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Everything posted by Amccracken

  1. We rented a beach home for a week. We had our own walkway to the beach. The beach wasn't crowded, so we didn't get close to any other families - well over 20 ft. apart. The house hadn't been rented since before the pandemic. I know this because I know those who work at the vacation rental company and I know the people who own the home. I spent the first two days cleaning the house - partly because COVID was still on my mind and partly because it was very, very dirty. We did grocery pick up from Walmart. The only outing we did was pier fishing one night and put-put one day. The put-put course was limiting participants and sanitizing everything. Other than that we cooked in and stayed-in. This was the only way we could think of having a vacation and feel like we were doing our best to social distance.
  2. I actually just bought Spelling Works! It was recommended on this forum. And I think combining it with vocab would make sense. And, yes, I will just use geography as a history lesson, instead of adding it on top of another lesson. these are great suggestions. Thanks!
  3. Lori D. Thank you so much for your detailed response. This gives me some new ways to think about our schedule. I've looked at it so long, I just needed to step away and get someone else's perspective. Thank you for taking the time.
  4. Yes, I think it's the total number of "things" that makes it feel like too much. Where, if they were integrated better, if would look like less. Like if, we could use our History lessons for writing lessons. But I need IEW, as I'm not confident in teaching writing without something. We need spelling help. Until this year, we've followed a Charlotte Mason approach and I kept thinking copywork and dictation was enough to improve his spelling. This year I realized he's going into high school and his spelling is not good at all. So this is kinda remedial. I could probably get rid of vocabulary. I thought of dropping Art of Argument and just adding it next year. But we could do it orally once a week. We've used Rosetta Stone for the past 2 years, so it's not a big transition. We go through it slowly, only 15 minutes or so a day. Thank you so much for your suggestions.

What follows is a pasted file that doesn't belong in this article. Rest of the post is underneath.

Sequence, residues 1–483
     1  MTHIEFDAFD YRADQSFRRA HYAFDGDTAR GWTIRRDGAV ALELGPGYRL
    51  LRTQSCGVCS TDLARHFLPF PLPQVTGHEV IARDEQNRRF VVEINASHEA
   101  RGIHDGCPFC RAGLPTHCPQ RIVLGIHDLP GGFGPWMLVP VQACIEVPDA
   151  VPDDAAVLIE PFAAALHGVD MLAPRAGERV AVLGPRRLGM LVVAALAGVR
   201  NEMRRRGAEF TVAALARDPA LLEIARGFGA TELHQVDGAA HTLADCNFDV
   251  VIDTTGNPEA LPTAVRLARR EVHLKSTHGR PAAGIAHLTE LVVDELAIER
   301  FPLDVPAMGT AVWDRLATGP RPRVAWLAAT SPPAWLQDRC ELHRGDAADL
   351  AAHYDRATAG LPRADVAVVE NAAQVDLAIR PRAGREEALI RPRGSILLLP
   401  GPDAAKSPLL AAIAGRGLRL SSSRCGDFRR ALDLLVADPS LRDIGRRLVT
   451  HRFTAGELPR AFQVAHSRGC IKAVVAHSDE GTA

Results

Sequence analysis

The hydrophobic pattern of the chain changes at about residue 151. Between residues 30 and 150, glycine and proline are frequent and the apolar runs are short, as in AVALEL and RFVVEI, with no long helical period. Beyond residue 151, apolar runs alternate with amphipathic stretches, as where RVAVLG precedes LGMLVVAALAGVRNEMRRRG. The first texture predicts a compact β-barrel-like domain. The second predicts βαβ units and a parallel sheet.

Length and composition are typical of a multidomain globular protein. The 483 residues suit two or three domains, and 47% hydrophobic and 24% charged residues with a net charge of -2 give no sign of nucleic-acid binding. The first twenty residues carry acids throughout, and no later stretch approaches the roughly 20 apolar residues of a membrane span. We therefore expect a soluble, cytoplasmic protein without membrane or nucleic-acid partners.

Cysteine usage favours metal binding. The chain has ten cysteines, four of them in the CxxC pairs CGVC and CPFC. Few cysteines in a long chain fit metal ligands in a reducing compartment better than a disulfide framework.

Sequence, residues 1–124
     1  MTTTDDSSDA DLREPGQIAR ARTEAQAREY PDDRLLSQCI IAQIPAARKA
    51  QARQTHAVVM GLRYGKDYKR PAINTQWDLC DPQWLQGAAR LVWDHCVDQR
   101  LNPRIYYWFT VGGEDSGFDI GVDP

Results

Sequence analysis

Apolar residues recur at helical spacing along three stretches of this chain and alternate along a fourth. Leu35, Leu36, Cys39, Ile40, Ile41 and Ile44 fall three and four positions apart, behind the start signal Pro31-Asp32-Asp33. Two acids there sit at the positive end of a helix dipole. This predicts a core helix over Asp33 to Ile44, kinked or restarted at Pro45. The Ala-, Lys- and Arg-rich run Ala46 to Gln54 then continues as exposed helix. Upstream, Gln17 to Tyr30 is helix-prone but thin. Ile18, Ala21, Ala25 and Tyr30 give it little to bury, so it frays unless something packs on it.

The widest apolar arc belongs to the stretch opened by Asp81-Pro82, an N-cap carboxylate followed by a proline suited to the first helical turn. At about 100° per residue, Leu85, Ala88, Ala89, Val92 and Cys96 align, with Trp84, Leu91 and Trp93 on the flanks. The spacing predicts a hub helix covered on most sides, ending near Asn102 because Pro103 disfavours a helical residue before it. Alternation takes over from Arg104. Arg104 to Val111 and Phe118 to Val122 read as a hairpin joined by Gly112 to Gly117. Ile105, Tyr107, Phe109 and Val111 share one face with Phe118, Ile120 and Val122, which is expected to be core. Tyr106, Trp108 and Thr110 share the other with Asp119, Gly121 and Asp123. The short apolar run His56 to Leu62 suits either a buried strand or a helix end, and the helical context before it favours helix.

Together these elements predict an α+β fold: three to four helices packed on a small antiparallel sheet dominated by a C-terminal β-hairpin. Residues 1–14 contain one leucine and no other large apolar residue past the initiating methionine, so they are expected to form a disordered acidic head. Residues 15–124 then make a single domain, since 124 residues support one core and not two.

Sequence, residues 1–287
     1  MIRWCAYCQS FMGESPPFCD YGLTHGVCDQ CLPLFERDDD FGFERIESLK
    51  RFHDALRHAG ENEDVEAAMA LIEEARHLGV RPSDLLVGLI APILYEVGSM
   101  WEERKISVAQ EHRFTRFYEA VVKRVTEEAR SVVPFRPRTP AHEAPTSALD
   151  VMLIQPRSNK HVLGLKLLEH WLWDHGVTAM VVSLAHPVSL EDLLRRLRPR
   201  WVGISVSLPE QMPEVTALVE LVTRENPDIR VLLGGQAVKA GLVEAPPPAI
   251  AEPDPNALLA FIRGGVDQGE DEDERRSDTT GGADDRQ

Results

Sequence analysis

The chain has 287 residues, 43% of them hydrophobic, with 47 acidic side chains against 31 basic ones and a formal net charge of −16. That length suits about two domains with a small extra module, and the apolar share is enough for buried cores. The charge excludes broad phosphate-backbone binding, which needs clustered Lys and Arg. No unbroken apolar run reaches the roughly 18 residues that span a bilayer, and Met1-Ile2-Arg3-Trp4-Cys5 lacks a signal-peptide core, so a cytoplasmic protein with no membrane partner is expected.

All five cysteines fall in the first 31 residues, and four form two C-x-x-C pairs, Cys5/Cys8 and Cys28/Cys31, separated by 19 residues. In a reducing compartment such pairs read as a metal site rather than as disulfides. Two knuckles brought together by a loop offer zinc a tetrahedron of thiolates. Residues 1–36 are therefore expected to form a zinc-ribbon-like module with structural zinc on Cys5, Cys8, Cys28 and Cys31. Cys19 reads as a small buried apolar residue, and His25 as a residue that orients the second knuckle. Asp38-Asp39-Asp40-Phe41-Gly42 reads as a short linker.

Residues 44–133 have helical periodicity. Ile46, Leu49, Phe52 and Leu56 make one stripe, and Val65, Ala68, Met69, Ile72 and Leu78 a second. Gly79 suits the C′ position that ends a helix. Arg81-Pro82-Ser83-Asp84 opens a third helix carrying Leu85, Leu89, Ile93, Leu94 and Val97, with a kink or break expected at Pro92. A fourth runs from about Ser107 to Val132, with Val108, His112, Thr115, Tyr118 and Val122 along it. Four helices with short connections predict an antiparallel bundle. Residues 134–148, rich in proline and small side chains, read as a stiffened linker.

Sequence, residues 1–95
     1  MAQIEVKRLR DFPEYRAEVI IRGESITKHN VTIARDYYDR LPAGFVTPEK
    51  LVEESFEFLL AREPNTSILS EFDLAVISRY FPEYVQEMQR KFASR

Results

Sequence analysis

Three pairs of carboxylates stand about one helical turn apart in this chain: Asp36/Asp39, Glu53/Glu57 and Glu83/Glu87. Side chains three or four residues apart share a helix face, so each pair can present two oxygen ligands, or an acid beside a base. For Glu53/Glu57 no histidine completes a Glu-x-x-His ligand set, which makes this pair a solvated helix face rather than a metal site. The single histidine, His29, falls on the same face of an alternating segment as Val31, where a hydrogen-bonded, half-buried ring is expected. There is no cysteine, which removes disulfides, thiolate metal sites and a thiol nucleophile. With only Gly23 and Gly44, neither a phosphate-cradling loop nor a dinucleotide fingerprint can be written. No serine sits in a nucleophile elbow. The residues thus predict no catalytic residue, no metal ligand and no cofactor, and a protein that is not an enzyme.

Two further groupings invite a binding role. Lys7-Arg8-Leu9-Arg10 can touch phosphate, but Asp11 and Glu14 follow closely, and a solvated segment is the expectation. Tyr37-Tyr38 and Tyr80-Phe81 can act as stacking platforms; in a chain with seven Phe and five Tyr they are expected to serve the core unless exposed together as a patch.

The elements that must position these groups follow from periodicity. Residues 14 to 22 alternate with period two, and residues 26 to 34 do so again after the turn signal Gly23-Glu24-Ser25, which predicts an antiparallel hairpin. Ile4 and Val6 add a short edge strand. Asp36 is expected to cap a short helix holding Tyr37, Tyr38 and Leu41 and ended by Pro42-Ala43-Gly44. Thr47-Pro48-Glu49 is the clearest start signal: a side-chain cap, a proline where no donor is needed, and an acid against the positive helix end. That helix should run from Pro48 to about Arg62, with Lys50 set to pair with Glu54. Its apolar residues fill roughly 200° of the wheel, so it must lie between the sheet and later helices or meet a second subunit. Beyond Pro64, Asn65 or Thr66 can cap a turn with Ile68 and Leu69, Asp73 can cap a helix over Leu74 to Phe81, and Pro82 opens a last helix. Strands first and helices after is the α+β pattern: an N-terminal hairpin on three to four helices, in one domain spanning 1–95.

5. The history and biography reader are books that go along with the history period we are studying. For example, this year we are studying Medieval history and he will read literature and biographies like Crispin and a Marco Polo biography. He reads them at his own pace and just picks up another when finished. Then we discuss it. I reserve the Literature read-aloud for more difficult books like Beowulf. Yes, my gut tells me it’s too much. I’ve got to decide what needs to go.
  6. Ladies, I need your opinion. I’m planning next year’s schedule for my 8th grade son. He’s a good reader and sometimes does his readings at night before in bed. He works independently for the most part, with a little help. But IEW is new for us and will take lots of assistance. As I put the schedule together I feel like it’s too much. I don’t want to stress him out and make him hate school. I need an outside opinion. I enjoy having him in our Circle Time activities because it’s the only thing we do together as a group during the day, but I guess I could give him that time off. See below and tell me what you think: Daily Subjects Circle Time (with Group Read Aloud) – approx. 45 min Literature Read Aloud (with 7th grade brother) – approx. 30 min Algebra 1 (online) History – Book of the Middle Ages by Dorothy Mills History reader Biography reader Bible Memory Work – 5 minutes 4 days a week Art of Argument Apologia Physical Science Writing – IEW Fix it Grammar – 15 min Spelling – 15 min Vocabulary – Wordly Wise – 10 min Other Art – 2 x week PE - 3 x week – basically soccer practice Rosetta Stone Spanish – 3 x week - Geography - Map work that goes along with history – 1 x per week
  7. We've always memorized poetry and scriptures. This past year I allowed the kids to choose their own poems and that brought new life into it. My oldest always chooses the shortest poem I will approve. My middle will always chose something funny. And the youngest will always choose a poem about animals. It's funny to see their personalities come out. :) Sometimes I'm sad when years later they don't remember poems we spent a lot of time on. I thought they would remember them forever. But then they will bring up one I had totally forgotten, as if it was yesterday when we last read it. We go over our poems during our Morning Time sessions and I've started using Fridays as a day to go back and review poems from the past.
  8. This is a very interesting topic to me. I've never even thought of blaming a university for being accepted but not being able to pass the classes. The article is interesting. I'll have to think about this more.